Mindfulness: A New, Ancient Anxiety Treatment

Mindfulness is a natural remedy for anxiety, stress,and worry. Mindfulness helps increase happiness, peace, and joy.   Sound good?

What is Mindfulness?

womanonhardwoodfloorA simple definition is very difficult… experiencing it is easier than describing it.   Mindfulness is a way of being…being mindful. It involves focus and attention on only what is happening in the here and now. It’s about noticing the present moment.

You’d be surprised how many moments of your day go by WITHOUT your conscious attention to the here and now.

Ever had a time when you were driving and suddenly realized you missed or almost missed a turn, or that you were further along the road than you realized because you were driving on auto-pilot? At times like that, the body and the mind are doing two different things.

Integrating Mind and Body

Mindfulness means keeping the mind and the body together in the present moment. Unless you have a magic time machine, your body’s only choice is to be in the present moment. But your mind has the amazing ability to go to other places.

Your mind can go to the future, worrying or anticipating what may or may not happen. It can also go to the past, rehashing what already happened, wondering if you did the right thing, guessing what other people thought, reliving a positive or negative experience.

Stress and anxiety often result when the mind goes somewhere else. This is why I incorporate mindfulness into my anxiety treatment work with clients.  Zen Buddhists have known this for centuries.  Western medicine is just now realizing the value of mindfulness for anxiety disorders.

How to Enjoy Your Tea

Thich Nhat Hanh, famous Zen Buddhist Master, said: “You need the practice of mindfulness to bring your mind back to the body and establish yourself in the moment…Suppose you are drinking a cup of tea. When you hold your cup, you may like to breathe in, to bring your mind back to your body, and you become fully present…You are not lost in the past, in the future, in your projects, in your worries…you enjoy your tea.”

Mindfulness often begins with slowing down and consciously focusing your attention on what you can notice in the here and now with your senses: seeing, smelling, tasting, hearing, touching.

You can notice how your tea cup feels in your hand, smell the aroma, feel the heat, taste the different flavors on your tongue. As you simply notice, you become the “observer.”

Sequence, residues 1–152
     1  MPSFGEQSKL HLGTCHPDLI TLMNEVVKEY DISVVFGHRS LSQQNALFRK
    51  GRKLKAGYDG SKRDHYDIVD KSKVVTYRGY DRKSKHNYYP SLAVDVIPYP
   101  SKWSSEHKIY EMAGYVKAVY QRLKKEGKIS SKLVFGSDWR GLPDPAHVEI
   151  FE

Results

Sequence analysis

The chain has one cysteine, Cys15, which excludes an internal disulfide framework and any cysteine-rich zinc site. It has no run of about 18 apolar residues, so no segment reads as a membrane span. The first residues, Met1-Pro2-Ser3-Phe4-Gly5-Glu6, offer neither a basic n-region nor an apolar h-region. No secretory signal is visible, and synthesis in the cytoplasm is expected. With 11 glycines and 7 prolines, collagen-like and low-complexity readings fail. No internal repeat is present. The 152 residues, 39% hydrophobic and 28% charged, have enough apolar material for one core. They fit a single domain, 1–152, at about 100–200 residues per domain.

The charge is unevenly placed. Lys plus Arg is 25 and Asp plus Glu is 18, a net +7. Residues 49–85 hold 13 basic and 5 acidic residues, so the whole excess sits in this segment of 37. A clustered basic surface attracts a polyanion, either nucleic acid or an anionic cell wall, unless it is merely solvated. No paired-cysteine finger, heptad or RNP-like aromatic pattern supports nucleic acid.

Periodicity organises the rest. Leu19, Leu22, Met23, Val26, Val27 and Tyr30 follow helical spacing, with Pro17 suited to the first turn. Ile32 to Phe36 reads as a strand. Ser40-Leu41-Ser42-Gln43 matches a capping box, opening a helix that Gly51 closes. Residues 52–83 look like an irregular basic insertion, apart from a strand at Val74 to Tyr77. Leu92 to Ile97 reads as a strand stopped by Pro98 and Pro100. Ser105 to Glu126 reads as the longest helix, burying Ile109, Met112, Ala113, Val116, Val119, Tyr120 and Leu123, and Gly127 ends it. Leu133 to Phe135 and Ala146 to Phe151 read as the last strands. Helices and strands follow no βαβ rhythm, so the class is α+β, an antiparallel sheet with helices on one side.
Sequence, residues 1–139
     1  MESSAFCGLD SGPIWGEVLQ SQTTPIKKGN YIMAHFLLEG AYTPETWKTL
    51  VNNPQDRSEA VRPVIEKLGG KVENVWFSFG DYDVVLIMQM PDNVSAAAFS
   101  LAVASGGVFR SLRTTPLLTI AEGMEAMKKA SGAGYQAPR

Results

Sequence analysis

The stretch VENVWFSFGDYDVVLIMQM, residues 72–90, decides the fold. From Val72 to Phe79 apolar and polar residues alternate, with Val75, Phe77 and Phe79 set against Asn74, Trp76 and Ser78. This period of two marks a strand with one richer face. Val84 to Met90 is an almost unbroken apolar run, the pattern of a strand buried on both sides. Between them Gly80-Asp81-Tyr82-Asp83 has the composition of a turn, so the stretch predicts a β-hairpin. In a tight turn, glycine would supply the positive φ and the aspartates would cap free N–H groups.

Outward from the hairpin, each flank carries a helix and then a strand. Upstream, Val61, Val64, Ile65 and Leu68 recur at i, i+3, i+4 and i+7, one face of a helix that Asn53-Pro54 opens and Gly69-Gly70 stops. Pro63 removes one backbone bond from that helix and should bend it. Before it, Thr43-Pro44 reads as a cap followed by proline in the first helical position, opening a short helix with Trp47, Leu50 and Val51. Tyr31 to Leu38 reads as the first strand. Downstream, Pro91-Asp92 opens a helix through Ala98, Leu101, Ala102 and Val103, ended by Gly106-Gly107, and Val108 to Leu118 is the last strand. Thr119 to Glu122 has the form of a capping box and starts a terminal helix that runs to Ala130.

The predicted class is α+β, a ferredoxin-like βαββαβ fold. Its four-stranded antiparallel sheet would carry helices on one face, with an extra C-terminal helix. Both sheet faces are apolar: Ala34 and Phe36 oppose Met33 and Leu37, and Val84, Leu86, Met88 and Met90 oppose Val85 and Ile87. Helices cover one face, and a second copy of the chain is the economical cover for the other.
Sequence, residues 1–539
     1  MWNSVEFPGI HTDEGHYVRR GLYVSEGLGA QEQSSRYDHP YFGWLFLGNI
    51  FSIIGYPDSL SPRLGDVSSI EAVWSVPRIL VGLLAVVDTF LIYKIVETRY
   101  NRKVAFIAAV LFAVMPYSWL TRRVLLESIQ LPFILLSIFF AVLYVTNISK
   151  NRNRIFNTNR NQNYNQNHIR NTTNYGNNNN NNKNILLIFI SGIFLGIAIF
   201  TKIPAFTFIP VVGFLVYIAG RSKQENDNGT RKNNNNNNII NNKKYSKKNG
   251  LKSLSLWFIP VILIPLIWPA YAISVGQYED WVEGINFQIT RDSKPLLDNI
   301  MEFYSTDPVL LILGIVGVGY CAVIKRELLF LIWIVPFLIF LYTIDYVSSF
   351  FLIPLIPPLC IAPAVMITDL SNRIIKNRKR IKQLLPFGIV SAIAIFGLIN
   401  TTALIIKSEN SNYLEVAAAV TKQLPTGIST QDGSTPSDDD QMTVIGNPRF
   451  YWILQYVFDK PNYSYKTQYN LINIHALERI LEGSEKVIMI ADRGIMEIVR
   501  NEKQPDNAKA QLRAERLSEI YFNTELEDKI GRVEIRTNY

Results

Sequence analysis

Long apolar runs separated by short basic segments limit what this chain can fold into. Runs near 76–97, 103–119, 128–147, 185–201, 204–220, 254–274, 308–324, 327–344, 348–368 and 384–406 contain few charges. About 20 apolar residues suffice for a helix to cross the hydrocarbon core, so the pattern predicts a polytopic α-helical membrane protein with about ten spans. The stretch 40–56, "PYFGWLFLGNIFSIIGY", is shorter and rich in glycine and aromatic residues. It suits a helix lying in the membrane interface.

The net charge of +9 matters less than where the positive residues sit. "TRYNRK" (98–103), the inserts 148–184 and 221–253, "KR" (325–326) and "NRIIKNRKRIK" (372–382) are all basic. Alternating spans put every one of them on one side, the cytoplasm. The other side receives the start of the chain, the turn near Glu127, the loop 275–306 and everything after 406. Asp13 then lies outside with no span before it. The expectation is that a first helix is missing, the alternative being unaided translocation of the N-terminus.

Notice and Accept

The mindful “observer” can simply notice physical sensations, and then begin to observe thoughts and feelings as well, all without judging or analyzing.

Observing your thoughts and emotions in a non-judgmental and accepting way helps you approach stressful situations more clearly and in a mindful (i.e. not mindless) way. Rather than have an automatic anxiety reaction to a distressing event, you will be better able to mindfully choose a more objective response.

Practicing Mindfulness for Anxiety Relief

There are many different ways to practice mindfulness. Mindfulness can involve a formal practice, and it can also be integrated into many of your usual daily activities.

Woman practicing yoga.A formal practice might mean setting aside time for a sitting meditation or mindful movement practices like walking meditation or yoga. However, this is not necessary.

Mindfulness transforms stress and anxiety when it becomes a way of life… a way of being where you are truly present in the moments of your life. You must be present to love. You must be present to experience peace or contentment. You must be present to feel pure joy.

Moment-to-moment mindfulness involves a relaxed state of awareness, noticing your inner and outer worlds without judging or trying to control anything. This state of being requires commitment and lots of practice.

Simple Day-toDay Mindfulness

You can be mindful as you focus your attention on your feet planted firmly on the ground. You can practice mindfulness while eating, walking, sitting with your pet, brushing your teeth, walking in the forest…when doing just about anything.   According to John Teasdale, a leading mindfulness researcher, “Mindfulness is a habit, it’s something the more one does, the more likely one is to be in that mode with less and less effort…it’s a skill that can be learned… Mindfulness isn’t difficult. What’s difficult is to remember to be mindful.”